Australian Patient Safety Foundation
The Australian Patient Safety Foundation Inc. (APSF) is a non-profit independent organisation dedicated to the advancement of patient safety.
The APSF has provided leadership in the reduction of harm to patients in all healthcare environments since 1988. Based in Adelaide, South Australia, the APSF works with Commonwealth and State governments, researchers, professional organisations, Colleges, healthcare professionals and consumers at the national and international level to improve outcomes for patients.
Articles & Resources
Learning from incident reports in the Australian medical imaging setting: handover and communication errors
Hannaford, N., Mandel, C., Crock, C., Buckley, K., Magrabi, F., Ong, M. S., et al.
British Journal of Radiology, 86(20120336)
Objective: To determine the type and nature of incidents occurring within medical imaging settings in Australia and identify strategies that could be engaged to reduce the risk of their re-occurrence.
Using FDA reports to inform a classification for health information technology safety problems
Magrabi, F., Ong, M. S., Runciman, W., & Coiera, E.
Journal of the American Medical Informatics Association, 19(1), 45-53.
OBJECTIVE: To expand an emerging classification for problems with health information technology (HIT) using reports submitted to the US Food and Drug Administration Manufacturer and User Facility Device Experience (MAUDE) database.
Tracking and evaluating appropriateness of healthcare delivery
Runciman, W. B.
Patient First Joint International Conference on Quality Assurance and Patient Safety, Pondicherry, India, 28 – 30 November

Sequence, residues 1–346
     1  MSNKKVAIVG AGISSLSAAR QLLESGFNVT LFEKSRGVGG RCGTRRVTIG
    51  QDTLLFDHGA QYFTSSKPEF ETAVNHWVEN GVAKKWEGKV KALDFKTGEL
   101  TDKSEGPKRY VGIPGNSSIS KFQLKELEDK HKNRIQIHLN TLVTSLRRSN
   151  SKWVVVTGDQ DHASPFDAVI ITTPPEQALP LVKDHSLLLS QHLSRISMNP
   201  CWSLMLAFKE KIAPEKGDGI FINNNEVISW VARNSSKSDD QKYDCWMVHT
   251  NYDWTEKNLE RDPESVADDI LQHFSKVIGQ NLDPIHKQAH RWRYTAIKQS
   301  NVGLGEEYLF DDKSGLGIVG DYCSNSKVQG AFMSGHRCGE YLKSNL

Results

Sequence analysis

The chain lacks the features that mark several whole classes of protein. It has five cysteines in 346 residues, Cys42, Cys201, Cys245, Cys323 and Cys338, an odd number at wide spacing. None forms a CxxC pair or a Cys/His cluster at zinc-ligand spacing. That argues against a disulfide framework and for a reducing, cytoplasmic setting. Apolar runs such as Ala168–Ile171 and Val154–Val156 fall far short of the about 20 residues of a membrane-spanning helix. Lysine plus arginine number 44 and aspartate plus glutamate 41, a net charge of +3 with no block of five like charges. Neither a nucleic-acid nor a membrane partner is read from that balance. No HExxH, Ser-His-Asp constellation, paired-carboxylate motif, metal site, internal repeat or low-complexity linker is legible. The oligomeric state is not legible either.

Specialty specific incident reporting systems in healthcare
Schultz, T. J., & Magrabi, F.
Measuring and Reducing Avoidable Adverse Events. Sydney, 20-21st September.
Is ‘perfect’ the enemy of ‘good’? Safety & Quality in the 21st Century.
Runciman, W. B.
Australasian College of Emergency Medicine Annual Scientific Meeting, The Art and Science of Emergency Medicine, Hobart 19 – 22 November.
Towards the delivery of appropriate healthcare in Australia
Runciman WB, Coiera E, Day RO, Hannaford NA, Hibbert PD, Hunt TD, Westbrook J, Braithwaite J
Med J Aust 197:78-81
A challenging proposal draws on the lessons learnt from the CareTrack study to pave the way towards better health care
CareTrack: assessing the appropriateness of health care delivery in Australia.
Runciman WB, Hunt TD, Hannaford NA, Hibbert PD, Westbrook J, Coiera E, Day RO, Hindmarsh DM et al
Med J Aust, 197:100-105
Objective: To determine the percentage of health care encounters at which a sample of adult Australians received appropriate care.
CareTrack: Some Pilot Data
Runciman WB, Hunt T, Hannaford N, Ramanathan S, Schultz T
ISQua 28th International Conference - Hong Kong, 14th-17th September
The International Society for Quality in Health Care (ISQua) is a non-profit, independent organization with members in over 70 countries. ISQua works to provide services to guide health professionals, providers, researchers, agencies, policy makers and consumers to achieve excellence in health-care delivery to all people and to continuously improve the quality and safety of care. Over 1,000 abstracts were submitted with more than 1,900 delegates registered from 66 Countries for the 2011 conference.
Safety & Quality: Adverse events for clinicians
2011 ACNP Conference 6th-8th October, Adelaide
Presented at the 2011 Australian College of Nurse Practitioners Conference, "Nurse Practitioners - Coming of Age" held in Adelaide. The 2011 conference brought together nurse practitioners, advance practice nurses, clinical nurse specialists, researchers, educators, policy makers, and managers.
Is money spent on quality improvement money better spent on clinical care? NO
Medical Journal of Australia, Volume 194, Issue 12, page 641
Professor Bill Runciman believes much clinical care is inappropriate, and QI can be effective.